Divided We Stand

The Battle Over Women's Rights and Family Values That Polarized American Politics

Author: Marjorie J. Spruill

Publisher: Bloomsbury Publishing USA

ISBN: 1632863154

Category: Social Science

Page: 448

View: 1964

More than forty years ago, two women's movements drew a line in the sand between liberals and conservatives. The far-reaching legacy of that rift is still felt today. One of Smithsonian Magazine's “Ten Best History Books of the Year” Gloria Steinem was quoted in 2015 (the New Yorker) as saying the National Women's Conference in 1977 "may take the prize as the most important event nobody knows about." After the United Nations established International Women's Year (IWY) in 1975, Congress mandated and funded state conferences to elect delegates to attend the National Women's Conference in Houston in 1977. At that conference, Bella Abzug, Steinem, and other feminists adopted a National Plan of Action, endorsing the hot-button issues of abortion rights, the Equal Rights Amendment, and gay rights--the latter a new issue in national politics. Across town, Phyllis Schlafly, Lottie Beth Hobbs, and the conservative women's movement held a massive rally to protest federally funded feminism and launch a Pro-Family movement. Although much has been written about the role that social issues have played in politics, little attention has been given to the historical impact of women activists on both sides. DIVIDED WE STAND reveals how the battle between feminists and their conservative challengers divided the nation as Democrats continued to support women's rights and Republicans cast themselves as the party of family values. The women's rights movement and the conservative women's movement have irrevocably affected the course of modern American history. We cannot fully understand the present without appreciating the events leading up to Houston and thereafter.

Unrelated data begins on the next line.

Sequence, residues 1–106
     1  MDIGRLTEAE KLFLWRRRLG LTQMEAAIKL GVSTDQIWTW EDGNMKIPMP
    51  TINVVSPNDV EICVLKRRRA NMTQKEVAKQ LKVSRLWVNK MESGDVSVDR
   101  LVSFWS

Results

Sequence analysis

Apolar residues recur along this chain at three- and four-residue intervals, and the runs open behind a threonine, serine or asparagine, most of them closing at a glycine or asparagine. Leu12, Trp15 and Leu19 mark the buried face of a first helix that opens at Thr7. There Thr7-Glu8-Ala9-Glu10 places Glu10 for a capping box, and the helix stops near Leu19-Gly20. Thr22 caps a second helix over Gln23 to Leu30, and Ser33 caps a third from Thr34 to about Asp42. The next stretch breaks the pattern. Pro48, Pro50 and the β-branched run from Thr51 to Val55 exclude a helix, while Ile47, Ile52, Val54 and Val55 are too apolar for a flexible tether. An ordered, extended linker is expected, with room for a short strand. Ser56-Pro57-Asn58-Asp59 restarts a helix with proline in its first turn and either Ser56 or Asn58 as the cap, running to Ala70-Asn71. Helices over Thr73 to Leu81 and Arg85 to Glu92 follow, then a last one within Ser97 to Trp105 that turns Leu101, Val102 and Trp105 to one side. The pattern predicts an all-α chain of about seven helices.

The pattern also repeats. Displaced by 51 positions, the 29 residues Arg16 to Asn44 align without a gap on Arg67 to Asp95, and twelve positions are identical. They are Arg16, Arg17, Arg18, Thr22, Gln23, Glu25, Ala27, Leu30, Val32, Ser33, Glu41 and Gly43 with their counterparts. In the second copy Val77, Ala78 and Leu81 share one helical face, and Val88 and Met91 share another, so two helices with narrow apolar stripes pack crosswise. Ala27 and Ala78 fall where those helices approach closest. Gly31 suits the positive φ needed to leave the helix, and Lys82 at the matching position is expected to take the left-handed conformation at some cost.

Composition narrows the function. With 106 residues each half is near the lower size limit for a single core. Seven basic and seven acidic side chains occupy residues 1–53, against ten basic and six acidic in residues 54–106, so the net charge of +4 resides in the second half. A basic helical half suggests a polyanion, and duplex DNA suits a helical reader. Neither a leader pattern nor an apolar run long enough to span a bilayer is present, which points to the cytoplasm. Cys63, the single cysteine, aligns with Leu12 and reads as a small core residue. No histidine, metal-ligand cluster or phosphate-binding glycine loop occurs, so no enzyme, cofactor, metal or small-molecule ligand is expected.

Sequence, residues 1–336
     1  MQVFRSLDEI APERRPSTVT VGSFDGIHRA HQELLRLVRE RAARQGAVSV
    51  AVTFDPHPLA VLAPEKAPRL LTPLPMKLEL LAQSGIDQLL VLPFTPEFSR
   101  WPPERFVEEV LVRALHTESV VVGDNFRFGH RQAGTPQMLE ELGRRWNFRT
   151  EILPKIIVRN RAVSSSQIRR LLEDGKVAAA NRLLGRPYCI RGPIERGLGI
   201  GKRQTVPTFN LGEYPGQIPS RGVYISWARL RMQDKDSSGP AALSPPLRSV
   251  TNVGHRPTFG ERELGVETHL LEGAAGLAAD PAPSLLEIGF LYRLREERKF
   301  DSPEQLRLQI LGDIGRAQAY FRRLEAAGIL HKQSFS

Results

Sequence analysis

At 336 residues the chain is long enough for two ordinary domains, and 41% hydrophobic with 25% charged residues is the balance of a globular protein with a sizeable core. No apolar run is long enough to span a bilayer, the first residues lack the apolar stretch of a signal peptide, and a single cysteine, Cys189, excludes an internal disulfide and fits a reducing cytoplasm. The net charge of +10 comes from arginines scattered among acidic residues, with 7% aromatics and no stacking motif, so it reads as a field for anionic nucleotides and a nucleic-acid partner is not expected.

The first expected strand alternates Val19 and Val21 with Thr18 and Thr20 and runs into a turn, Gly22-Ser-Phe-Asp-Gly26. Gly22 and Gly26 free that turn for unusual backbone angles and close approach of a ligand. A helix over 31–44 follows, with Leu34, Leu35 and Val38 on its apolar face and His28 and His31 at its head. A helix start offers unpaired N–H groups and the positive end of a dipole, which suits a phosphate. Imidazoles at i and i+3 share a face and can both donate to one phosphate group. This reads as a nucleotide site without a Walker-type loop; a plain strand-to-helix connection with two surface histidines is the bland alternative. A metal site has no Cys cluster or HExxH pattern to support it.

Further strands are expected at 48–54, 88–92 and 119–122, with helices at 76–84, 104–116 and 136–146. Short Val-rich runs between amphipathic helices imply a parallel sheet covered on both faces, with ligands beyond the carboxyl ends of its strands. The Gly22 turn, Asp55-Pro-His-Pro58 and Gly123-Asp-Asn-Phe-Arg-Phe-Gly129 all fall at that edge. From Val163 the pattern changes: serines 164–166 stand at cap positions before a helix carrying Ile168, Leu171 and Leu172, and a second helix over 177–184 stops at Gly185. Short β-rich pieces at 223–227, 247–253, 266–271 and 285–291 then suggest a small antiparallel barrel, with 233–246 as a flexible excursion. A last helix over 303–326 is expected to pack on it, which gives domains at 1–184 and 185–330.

Posted in Social Science

Divided We Stand

The Battle Over Women's Rights and Family Values That Polarized American Politics

Author: Marjorie J. Spruill

Publisher: Bloomsbury Publishing

ISBN: 9781632863164

Category: Social Science

Page: 448

View: 8289

Forty-one years ago, two women's movements drew a line in the sand between liberals and conservatives. The legacy of that rift is still evident today in American politics and social policies. Gloria Steinem was quoted in 2015 (The New Yorker) as saying the National Women's Conference in 1977 "may take the prize as the most important event nobody knows about." After the United Nations established International Women's Year (IWY) in 1975, Congress mandated and funded state conferences to elect delegates to attend the National Women's Conference in Houston in 1977. At that conference, Bella Abzug, Steinem, and other feminists adopted a National Plan of Action, endorsing the hot-button issues of abortion rights, the Equal Rights Amendment, and gay rights--the latter a new issue in national politics. Across town, Phyllis Schlafly, Lottie Beth Hobbs, and the conservative women's movement held a massive rally to protest federally funded feminism and launch a Pro-Family movement. Although much has been written about the role that social issues have played in politics, little attention has been given to the historical impact the women's rights movement and the conservative women's movement have had on the course of modern American history. We cannot fully understand the present without appreciating the events leading up to Houston and thereafter.